Google has deployed machine learning know-how picked up from its DeepMind acquisition to improve data centre efficiency and reduce power consumption and therefore costs.
The artificial intelligence (AI) technology is applied to the management of the servers and other electronics at the company's proprietary data centres, and is used specifically to fine-tune the cooling systems.
"It controls about 120 variables in the data centres. The fans and the cooling systems and so on, and windows and other things," DeepMind co-founder Demis Hassabis told Bloomberg at a recent conference on AI in New York.
He added that the company's technology was deployed in Google data centres only in recent months, but has already resulted in a 15 per cent improvement in power use efficiency.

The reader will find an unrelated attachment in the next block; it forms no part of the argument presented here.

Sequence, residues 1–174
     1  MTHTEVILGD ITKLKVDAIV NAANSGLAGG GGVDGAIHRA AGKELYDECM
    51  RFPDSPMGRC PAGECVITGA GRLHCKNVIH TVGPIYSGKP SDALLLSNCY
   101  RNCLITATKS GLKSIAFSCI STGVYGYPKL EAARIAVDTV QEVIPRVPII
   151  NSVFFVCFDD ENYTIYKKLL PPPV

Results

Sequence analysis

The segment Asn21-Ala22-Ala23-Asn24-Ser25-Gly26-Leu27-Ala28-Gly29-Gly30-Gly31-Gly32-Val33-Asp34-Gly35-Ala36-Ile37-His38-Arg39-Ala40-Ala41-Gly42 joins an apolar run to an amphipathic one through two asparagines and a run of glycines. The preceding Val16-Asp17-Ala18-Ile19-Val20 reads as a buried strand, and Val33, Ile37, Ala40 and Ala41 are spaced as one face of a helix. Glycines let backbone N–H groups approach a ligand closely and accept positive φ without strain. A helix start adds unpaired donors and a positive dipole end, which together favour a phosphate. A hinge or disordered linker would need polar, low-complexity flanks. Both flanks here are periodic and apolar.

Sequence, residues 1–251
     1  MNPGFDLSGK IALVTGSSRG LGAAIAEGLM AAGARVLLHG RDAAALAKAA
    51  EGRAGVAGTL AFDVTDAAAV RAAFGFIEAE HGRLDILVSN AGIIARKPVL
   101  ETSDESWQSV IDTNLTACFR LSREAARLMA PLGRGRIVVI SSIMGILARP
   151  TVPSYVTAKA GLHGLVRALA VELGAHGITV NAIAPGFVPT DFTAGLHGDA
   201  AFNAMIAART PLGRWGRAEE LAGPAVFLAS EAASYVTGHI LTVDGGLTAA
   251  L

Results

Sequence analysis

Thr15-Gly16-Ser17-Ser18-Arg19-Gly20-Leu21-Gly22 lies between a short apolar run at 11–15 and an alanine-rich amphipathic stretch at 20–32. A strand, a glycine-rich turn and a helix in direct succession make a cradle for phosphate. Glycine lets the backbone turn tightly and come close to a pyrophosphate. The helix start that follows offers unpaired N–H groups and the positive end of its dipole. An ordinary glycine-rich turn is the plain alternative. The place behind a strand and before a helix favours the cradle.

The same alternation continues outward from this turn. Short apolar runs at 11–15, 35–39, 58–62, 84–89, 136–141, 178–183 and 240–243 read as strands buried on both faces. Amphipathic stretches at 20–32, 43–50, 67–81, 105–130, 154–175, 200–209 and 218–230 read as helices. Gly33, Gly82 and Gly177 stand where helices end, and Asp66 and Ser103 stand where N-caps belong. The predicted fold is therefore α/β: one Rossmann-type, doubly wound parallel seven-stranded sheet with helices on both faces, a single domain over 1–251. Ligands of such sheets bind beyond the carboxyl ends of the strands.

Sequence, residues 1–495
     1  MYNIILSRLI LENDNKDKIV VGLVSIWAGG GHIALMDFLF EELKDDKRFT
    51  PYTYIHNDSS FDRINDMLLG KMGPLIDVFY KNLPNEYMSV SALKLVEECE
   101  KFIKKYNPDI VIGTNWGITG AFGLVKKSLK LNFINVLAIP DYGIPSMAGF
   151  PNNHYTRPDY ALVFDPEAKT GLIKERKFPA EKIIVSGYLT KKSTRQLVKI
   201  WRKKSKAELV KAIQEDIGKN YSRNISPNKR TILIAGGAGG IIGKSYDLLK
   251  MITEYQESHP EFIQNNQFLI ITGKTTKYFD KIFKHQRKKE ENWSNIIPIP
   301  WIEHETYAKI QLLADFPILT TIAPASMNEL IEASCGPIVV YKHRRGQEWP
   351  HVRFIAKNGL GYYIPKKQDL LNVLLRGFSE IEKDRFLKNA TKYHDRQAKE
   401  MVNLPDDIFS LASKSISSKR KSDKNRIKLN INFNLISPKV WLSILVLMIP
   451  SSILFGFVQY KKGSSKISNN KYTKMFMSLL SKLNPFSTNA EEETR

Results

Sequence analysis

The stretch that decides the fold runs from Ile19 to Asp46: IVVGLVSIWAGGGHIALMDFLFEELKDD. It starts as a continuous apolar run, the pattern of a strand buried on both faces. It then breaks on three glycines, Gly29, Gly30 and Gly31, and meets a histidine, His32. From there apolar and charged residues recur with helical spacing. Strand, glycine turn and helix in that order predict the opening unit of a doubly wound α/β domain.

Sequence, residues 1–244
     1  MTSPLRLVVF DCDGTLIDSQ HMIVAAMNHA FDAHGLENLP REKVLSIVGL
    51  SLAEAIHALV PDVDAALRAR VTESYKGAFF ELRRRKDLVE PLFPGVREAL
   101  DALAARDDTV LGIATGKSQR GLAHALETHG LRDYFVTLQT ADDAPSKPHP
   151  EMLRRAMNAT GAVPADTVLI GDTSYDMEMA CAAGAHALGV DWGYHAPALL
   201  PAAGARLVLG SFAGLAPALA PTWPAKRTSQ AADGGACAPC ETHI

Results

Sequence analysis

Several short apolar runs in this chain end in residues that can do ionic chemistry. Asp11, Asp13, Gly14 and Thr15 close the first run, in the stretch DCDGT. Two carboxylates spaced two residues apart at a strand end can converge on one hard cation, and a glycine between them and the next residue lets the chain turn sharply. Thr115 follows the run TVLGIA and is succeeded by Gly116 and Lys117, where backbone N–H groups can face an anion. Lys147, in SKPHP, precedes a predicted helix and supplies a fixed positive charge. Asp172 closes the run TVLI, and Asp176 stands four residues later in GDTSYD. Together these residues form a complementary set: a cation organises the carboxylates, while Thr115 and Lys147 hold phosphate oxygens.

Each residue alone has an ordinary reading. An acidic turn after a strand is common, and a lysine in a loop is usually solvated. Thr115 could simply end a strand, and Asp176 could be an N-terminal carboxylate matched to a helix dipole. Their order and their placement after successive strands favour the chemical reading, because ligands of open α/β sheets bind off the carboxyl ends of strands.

The software uses an adapted form of the machine learning software developed by DeepMind to play Atari 2600 video games. Deployed in the data centre, the software learns how the servers work and manipulates fans and other elements to reduce their use when not needed.
Hassabis did not go into greater detail about the deployment or say whether Google will make it available to other companies. However, the improvements in efficiency will go a long way to paying for the DeepMind acquisition, given Google's estimated four gigawatts of annual electricity consumption.
Google paid around $400m to acquire the London-based AI startup in January 2014. It was founded by Hassabis in September 2010, along with Mustafa Suleyman and Shane Legg.
Hassabis and Legg were machine learning experts, while Suleyman was an entrepreneur who handled the business side of the company.
However, the use of DeepMind's technology has been controversial, not least because it was deployed by Google to analyse some 1.6 million NHS patients' records in a deal with the Royal Free NHS Trust revealed earlier this year.
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